A possible birth defect of a baby’s eyes is known to be anophthalmia and microphthalmia. These conditions develop during pregnancy. There are instances where anophthalmia or microphthalmia occurs alone or it comes along with other birth defects as a part of a syndrome.
Microphthalmia is a birth defect where one or both eyes did not fully develop which resulted in small eyes while anophthalmia makes the baby to be born without one or both eyes. Microphthalmia and anophthalmia can result in blindness or limited vision. The researchers estimated 1 in every 5,200 babies is born in the United States with anophthalmia or microphthalmia.
Parents are worried about the causes of anophthalmia and microphthalmia among infants. The cause is unknown but some babies have a change in their genes or chromosomes which is why anophthalmia or microphthalmia occurs. Taking medicines such as isotretinoin or thalidomide during pregnancy can lead to birth defects including anophthalmia and microphthalmia.
It is important to know the factors that contribute to birth defects to know more about the causes. CDC funded Centers for Birth Defects Research and Prevention which collaborates with large studies to understand and know the causes and risk factors for birth defects including microphthalmia and anophthalmia. As the study continues, it is important to collaborate with your doctor if you are pregnant to keep your baby healthy.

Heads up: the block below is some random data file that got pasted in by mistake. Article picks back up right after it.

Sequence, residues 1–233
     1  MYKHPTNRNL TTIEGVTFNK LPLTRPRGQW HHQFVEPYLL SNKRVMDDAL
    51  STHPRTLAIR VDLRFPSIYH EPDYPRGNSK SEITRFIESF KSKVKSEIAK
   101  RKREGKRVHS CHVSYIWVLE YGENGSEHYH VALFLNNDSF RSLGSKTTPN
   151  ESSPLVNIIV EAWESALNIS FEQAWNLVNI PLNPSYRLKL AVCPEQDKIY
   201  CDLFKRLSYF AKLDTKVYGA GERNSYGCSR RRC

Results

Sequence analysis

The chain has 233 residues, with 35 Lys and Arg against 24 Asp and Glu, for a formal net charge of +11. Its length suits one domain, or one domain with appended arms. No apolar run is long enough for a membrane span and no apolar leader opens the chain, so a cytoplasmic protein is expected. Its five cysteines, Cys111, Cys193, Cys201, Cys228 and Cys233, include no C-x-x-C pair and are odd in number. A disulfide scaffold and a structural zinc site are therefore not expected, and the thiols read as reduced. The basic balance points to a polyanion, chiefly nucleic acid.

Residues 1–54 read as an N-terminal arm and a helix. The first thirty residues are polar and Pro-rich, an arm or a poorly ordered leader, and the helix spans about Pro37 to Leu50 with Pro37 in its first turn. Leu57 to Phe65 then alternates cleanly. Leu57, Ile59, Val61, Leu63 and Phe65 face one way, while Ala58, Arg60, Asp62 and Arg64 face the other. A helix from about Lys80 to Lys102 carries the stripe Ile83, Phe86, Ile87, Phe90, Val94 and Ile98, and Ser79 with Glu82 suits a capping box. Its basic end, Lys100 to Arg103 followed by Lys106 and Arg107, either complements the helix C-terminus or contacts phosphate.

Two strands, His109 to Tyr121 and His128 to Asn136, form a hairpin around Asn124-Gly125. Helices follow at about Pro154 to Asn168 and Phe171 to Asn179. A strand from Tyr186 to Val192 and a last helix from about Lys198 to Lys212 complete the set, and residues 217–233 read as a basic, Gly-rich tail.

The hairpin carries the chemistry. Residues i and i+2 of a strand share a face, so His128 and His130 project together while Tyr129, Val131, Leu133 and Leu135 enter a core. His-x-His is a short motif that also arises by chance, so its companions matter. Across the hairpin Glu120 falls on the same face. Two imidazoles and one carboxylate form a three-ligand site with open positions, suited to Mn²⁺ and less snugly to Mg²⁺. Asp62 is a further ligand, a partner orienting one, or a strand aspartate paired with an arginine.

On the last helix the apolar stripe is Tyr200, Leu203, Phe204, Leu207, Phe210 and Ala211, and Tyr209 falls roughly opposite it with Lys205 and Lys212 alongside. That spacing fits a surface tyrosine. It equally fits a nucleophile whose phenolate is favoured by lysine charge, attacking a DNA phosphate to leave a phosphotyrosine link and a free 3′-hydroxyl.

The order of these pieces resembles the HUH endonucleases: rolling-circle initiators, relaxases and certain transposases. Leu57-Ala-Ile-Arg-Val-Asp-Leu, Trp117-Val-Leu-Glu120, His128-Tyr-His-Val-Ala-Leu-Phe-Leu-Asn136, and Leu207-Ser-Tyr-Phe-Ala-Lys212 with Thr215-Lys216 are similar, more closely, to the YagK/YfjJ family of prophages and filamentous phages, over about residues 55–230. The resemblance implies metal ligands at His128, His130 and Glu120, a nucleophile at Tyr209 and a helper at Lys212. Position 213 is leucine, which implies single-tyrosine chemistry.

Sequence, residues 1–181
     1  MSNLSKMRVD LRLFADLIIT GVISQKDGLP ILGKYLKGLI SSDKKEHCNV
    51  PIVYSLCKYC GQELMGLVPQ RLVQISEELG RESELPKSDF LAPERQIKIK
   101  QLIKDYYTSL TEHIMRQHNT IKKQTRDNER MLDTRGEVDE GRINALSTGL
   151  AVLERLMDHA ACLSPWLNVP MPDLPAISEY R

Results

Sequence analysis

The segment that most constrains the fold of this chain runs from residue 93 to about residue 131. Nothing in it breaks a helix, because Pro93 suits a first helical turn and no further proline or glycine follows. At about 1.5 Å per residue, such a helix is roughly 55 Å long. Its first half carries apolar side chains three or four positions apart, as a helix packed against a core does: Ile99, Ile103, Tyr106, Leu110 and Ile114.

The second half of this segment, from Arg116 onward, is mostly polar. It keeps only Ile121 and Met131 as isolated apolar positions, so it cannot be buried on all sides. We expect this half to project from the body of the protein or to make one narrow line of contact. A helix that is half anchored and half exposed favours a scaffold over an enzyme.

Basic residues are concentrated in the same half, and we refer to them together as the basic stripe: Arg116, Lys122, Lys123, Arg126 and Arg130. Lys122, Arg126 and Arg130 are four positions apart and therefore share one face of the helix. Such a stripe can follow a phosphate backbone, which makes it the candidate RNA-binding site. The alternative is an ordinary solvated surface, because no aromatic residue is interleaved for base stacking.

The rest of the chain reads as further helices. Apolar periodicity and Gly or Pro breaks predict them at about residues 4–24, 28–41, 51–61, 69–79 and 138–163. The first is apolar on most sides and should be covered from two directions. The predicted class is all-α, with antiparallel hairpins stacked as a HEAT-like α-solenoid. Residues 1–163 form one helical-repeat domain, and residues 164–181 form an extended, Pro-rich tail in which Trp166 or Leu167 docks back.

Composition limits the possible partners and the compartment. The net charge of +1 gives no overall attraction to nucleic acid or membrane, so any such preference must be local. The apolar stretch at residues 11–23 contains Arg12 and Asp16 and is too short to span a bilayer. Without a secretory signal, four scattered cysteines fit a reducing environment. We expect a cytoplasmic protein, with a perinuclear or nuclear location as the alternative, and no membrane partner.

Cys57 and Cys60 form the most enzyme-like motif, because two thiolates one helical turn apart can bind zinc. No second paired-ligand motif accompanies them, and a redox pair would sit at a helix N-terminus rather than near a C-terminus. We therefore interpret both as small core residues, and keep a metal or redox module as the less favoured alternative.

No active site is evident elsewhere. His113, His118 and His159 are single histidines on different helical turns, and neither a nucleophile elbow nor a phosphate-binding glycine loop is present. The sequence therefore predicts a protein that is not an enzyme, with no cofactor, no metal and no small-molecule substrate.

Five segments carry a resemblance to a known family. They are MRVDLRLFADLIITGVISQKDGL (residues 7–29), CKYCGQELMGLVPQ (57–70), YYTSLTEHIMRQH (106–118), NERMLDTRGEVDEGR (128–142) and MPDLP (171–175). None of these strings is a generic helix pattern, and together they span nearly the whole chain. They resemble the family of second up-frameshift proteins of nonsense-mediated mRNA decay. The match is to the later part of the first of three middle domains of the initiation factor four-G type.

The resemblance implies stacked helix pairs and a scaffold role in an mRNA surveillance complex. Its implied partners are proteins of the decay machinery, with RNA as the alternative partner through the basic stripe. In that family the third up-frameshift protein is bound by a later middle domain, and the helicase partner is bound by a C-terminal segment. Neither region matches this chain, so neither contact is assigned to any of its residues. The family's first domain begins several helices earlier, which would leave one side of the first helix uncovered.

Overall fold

Is It Possible to Diagnose Birth Defects During Pregnancy?
Birth defects such as anophthalmia and microphthalmia can be diagnosed during pregnancy or after delivery. During pregnancy, the doctors can identify microphthalmia and anophthalmia using ultrasound, CT scan, or genetic testing. The birth defects can also be identified after birth by examining the baby. A physical exam will be performed to detect any present birth defects.
Is There a Treatment for Anophthalmia and Microphthalmia?
There is no treatment for individuals affected by anophthalmia or microphthalmia which can create a new eye or will restore vision. Parents need to bring their baby to an ophthalmologist, ocularist, and oculoplastic surgeon. An ocularist can help in making and fitting prosthetic eyes while an oculoplastic surgeon can perform surgery for eye and eye socket.
If the birth defects only affect one eye, an ophthalmologist will suggest ways to protect and preserve healthy eyesight. Your child may need surgery depending on the severity of anophthalmia and microphthalmia. Talking to a team of eye specialists will help in determining the best plan of action according to the situation of the baby.